I personally have writing in my journal ingrained into my routine so it doesn’t feel like another task I have to squeeze onto my to-do list. Sunday nights I take time to design and organize my bullet journal, which I use for keeping track of important tasks I need to get done during the week for both my businesses and personal life. I use my personal journal in the morning to set my intention for the day and goal setting, and in the evening during our “quiet hour,” I might use my journal to write about my day/feelings/state of mind or grab my writing journal and write a short story as a creative outlet. 

How do I start journaling?

Seems like a silly question but figuring out exactly what you want to use journaling for is a legitimate question. I have several separate journals that I use for different things, but some people like having just one big journal that they use for everything. 

If you’re feeling creative you can check out Pinterest for some bullet journal inspiration. I’m not an artsy type so my bullet journal layout it super simple and only if I’m feeling wild I might doodle a picture in the corner, so don’t feel pressured to turn into an artist by all the pictures you see. The great thing about bullet journals is how customizable they can be, it’s whatever you want to make it.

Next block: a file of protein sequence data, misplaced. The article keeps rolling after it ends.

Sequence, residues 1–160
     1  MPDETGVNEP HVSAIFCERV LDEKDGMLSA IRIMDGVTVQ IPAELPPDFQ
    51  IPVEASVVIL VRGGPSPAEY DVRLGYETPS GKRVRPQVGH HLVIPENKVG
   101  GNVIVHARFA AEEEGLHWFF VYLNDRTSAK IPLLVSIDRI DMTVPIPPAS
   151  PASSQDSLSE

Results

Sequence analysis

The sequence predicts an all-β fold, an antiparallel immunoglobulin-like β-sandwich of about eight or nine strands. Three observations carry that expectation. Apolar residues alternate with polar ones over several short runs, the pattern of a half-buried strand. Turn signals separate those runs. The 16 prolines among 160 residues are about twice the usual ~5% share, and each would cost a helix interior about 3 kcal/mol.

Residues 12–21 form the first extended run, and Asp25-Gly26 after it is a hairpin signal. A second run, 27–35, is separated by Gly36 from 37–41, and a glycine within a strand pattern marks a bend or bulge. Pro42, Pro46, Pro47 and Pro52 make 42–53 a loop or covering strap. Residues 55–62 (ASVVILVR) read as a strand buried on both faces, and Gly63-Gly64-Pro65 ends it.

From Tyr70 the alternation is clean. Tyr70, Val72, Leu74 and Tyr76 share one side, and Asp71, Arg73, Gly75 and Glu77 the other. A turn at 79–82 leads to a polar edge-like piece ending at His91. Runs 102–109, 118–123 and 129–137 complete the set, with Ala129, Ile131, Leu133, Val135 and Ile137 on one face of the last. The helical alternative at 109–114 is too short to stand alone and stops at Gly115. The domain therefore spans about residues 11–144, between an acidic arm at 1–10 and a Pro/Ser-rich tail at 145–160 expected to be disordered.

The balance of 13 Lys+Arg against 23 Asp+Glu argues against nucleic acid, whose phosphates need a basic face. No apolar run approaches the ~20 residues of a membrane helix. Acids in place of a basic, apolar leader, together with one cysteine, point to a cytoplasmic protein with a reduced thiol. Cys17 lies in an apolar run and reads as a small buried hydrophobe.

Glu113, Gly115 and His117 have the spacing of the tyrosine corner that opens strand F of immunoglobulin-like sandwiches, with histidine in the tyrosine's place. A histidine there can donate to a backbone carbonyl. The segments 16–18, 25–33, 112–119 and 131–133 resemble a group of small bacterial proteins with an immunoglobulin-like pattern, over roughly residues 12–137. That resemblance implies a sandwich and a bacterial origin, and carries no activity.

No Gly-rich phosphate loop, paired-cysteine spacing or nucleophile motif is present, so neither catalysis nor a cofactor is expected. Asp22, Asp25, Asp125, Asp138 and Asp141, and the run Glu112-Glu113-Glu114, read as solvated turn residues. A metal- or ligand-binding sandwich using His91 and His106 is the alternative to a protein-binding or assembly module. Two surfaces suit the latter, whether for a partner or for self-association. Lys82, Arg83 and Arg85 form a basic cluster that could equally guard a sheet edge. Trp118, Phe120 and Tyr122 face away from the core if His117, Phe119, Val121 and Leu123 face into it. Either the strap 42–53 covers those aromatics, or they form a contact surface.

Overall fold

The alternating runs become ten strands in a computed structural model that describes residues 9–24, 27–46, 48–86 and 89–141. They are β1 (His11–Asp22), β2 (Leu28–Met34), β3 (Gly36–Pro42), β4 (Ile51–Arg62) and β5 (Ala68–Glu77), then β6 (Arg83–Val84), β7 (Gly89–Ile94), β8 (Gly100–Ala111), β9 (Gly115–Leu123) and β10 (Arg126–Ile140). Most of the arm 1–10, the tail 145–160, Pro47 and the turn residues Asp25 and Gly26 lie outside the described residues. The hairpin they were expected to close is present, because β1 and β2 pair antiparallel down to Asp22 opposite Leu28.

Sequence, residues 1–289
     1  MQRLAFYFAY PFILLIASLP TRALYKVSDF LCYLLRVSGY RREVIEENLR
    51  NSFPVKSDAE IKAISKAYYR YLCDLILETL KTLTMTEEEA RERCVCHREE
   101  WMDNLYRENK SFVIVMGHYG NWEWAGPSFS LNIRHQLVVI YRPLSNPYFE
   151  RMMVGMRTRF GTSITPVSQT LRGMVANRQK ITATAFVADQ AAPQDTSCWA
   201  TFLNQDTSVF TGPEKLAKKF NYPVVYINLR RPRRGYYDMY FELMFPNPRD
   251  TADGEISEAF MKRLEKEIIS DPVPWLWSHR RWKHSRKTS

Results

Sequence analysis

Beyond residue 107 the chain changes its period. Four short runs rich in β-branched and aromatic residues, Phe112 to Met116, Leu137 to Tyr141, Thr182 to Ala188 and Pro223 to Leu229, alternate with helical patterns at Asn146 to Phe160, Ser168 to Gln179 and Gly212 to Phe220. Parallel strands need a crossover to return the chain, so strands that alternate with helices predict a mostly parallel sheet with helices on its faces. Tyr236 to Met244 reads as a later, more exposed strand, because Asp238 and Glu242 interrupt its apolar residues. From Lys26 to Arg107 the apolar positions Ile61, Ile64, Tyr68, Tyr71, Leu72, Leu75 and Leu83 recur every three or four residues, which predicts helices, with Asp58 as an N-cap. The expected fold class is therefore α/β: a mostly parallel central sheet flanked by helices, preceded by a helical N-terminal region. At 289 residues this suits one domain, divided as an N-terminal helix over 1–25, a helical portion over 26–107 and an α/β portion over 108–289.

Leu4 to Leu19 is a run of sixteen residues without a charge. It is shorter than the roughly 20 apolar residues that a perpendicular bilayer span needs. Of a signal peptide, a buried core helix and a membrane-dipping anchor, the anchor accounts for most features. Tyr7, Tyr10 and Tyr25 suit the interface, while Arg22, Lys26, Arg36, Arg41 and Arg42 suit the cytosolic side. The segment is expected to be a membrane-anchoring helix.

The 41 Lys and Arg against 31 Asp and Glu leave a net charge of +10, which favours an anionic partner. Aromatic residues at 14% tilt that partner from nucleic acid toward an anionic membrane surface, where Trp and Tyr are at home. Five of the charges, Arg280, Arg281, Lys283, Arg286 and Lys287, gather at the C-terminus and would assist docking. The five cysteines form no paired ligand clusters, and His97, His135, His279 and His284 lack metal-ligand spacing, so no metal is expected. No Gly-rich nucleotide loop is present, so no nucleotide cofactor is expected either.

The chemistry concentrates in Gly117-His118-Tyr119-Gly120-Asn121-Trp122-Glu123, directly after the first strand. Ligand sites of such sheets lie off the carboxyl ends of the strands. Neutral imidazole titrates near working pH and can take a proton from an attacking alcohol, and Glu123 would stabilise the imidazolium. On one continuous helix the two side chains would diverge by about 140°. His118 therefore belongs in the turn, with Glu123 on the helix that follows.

If you’re struggling with what to actually write, prompts are a great way to get you thinking and get the words going. (If you’re choosing to draw there are drawing prompts out there too believe it or not!)  

You can also involve your children too, which can be a great way to open up dialogue and communication with them, especially older children who might not be as forthcoming while having a discussion. 

A shared journal is a journal that you both write in together. For example, you might ask your child how their date went and leave the journal on his/her bed and they respond and leave the journal back on your bed and you continue passing it back and forth (like passing notes in class! Ah….memories again.)

You can also encourage your child to keep their own journal as a way for them to safely let out their emotions and thoughts. As I mentioned earlier, my habit of journaling started simply because I would see my mom writing in hers.

The possibilities for how you use a journal are really endless and completely up to you! So go pick out a notebook and pen that inspires you and catches your eye and see how journaling works out for you!

Benefits of journaling photo The Benefits of Journaling for moms